For most event riders the warmer months mean it’s time to kick up their heels and turn their horses out, but for an elite group of horse and rider combinations the competition is only just heating up.
The blue sky above Perth’s skyline wasn’t the only view to be gawked at on Saturday. Eventing in the Park hit Taylor Reserve alongside the pristine Swan River for another year and spectators flocked to take in the sights.
The two class card hosted over ninety of the finest horse and rider duos, with nearly half of them boasting an off the track athlete and a small handful showcasing a racing professional.
With the spot light well and truly focused on off the track horses, the racing personalities who fluctuate between the two fields deserve their time to shine as well.
Karnup thoroughbred trainer Rebecca Nairn partnered with her retired galloper Mystery Mark (raced as All Must Pass) finishing a respectable fourteenth out of sixty in the highly competitive Diamond Class. An experienced combination who in their four years together have claimed a number of winning titles.
Mystery Mark had a short and unsuccessful racing career, proving early that his heart belonged on a cross country course and not a race track.
However the same thing cannot be said for Nairn who is firmly planted in both fields.
Having held her thoroughbred training licence for over a decade, Nairn understands that there is an overlay between her eventing background and her training methods.
“Being an event rider has taught me that there is more than one way to train a horse, there are so many different approaches you can take to strengthen their weaker aspects so they perform at their best.” She said.
“Some horses benefit from being taught dressage movements and learning to jump, some need to swim regularly, the list goes on.”
After an impressive round on Saturday, Nairn commented on the bravery of her mount;
“He will try anything that I ask him to do, that’s the beauty of the thoroughbred, they’re so versatile and they try so hard.”
“Eventing in the Park wouldn’t have been possible without brilliant sponsors. I also need to thank Southern Stars Saddlery who not only sponsored prizes for both classes, but sponsor myself and Marco. Without them I probably wouldn’t be here,” she said.
Nairn was not flying the flag for thoroughbred trainers solo. The Diamond Class also featured Bullsbrook trainer Tiarnna Robertson who took out second place after an impressive season aboard her mare Phantom Hideaway.
Glenys Davies is no newbie to the Eventing in the Park stage, nor was she to the racing game before she hung up her trainer and breeder boots last year.
Davies’ team mate Awzam, has brought home two seconds from his four Eventing in the Park starts. A record a little more promising than his racing career under Davies’ name where his twenty starts only held one win and one third.
“He hasn’t changed much, he’s always been athletic and he showed a lot of potential as a young horse, just never delivered it on the track.” Davies said.
Davies was proudly sponsored by Off the Track for this event and is recognised as a thoroughbred retainer.
“I think Off the Track is brilliant! They put so much back into the equestrian industry whether it be eventing, show-horse, dressage, anything and everything.”
The Diamond Class also saw two other competitors don the Off the Track colours. Chantell Wells and Lana Brandli were both proudly sponsored by Off the Track WA.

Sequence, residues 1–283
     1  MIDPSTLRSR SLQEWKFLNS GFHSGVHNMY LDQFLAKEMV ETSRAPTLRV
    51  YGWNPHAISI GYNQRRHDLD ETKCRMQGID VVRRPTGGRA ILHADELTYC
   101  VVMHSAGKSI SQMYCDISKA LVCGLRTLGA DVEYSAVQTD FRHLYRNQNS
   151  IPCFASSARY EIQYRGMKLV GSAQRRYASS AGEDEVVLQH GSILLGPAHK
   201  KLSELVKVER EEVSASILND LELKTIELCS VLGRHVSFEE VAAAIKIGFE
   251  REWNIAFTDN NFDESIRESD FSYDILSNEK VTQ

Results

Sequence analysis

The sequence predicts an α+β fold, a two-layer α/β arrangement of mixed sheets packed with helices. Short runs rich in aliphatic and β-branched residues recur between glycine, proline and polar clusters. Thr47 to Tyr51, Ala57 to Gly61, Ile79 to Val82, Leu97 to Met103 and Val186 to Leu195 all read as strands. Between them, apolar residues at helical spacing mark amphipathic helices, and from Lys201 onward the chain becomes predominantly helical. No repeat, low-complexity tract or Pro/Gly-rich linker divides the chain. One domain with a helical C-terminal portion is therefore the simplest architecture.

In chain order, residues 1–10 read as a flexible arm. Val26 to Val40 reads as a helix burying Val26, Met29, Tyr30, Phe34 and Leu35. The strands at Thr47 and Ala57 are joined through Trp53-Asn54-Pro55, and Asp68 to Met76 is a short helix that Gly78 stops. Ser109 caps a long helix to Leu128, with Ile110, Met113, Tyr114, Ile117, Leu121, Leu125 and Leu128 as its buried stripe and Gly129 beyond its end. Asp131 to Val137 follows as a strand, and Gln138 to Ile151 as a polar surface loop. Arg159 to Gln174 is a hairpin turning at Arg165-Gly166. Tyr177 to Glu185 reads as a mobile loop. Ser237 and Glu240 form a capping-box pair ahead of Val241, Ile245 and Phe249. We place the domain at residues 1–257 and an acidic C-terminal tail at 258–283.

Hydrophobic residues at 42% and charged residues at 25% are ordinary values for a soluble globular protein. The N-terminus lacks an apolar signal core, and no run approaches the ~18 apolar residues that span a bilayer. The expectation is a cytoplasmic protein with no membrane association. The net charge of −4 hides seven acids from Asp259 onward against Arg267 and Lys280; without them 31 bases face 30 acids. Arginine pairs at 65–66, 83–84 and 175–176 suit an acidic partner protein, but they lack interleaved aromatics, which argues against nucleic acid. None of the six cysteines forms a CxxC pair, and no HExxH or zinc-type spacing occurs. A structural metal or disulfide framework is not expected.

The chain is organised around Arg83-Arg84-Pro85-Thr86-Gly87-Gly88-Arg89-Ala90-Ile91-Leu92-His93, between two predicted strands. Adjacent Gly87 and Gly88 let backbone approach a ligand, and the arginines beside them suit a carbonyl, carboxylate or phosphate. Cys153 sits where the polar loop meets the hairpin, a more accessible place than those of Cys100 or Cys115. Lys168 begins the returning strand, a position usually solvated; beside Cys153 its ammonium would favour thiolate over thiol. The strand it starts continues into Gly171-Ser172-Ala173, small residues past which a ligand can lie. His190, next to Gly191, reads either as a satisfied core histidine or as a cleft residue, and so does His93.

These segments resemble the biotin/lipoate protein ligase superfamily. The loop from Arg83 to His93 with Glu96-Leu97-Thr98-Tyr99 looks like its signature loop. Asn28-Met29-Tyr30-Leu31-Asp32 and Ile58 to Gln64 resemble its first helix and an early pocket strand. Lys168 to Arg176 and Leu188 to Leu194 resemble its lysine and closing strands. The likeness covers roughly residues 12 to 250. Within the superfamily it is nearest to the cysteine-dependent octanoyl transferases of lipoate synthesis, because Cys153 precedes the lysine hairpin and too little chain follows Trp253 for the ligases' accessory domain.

Wells has spent the past few years working on a thoroughbred stud, but ironically it was her standardbred mare that was a show stopper on Saturday.
Known as Whitby’s Revival, the gutsy pint-sized mare stunned the crowds as she brought home seventh place in the Diamond Class with Wells in the saddle.
With a family background that has long running connections to the sport and a successful driving career herself there’s no doubt that Brandli has harness racing running through her veins.
Brandli had two rides in the Diamond Class, her retired Standardbred Niccolana Wild and her retired galloper Hazid Road, both putting in big performances.
Brandli and Wells are assets to the Off the Track team. They work tirelessly alongside Off the Track WA’s Sharon Joyce, in supporting Western Australian retired racehorses in pursuing second careers post racing.
On the contrary, Eventing in the Park show-cased some of the best young blood that the state has to offer.
At the tender age of 17, Tayah Andrews is known as one of Perth’s most promising junior event riders and is one to watch when it comes to potential career in racing.
The racing game has clearly already ignited a spark within Andrews, she is a current holder of a track-work licence and assists in the training of the family’s racehorses.
Aboard her Thoroughbred Silver Force, Andrews took out the Grand Prix competition and drove away with the grand prize – a McInerney Ford Kuga.
When the celebrations died down, Andrews made some time to comment on the yearly event;
“The whole thing was amazing. Eventing in the Park is a great way to showcase our sport to the general public. It’s also an opportunity to share the love we have of our horses to fellow equestrians, particularly those in the racing industry from which we acquire our off the track thoroughbreds.”
It’s easy to see that the racing industry contains some of the most resilient and dedicated competitors.
It’s becoming impossible to go to an equestrian event and not bump into someone involved in horse racing. The racing industry and equestrian industry really do go hand in hand.
Most certainly there were a few names that were missed. More people are taking the drive into the world of racing every week.
And those who have, have never looked back.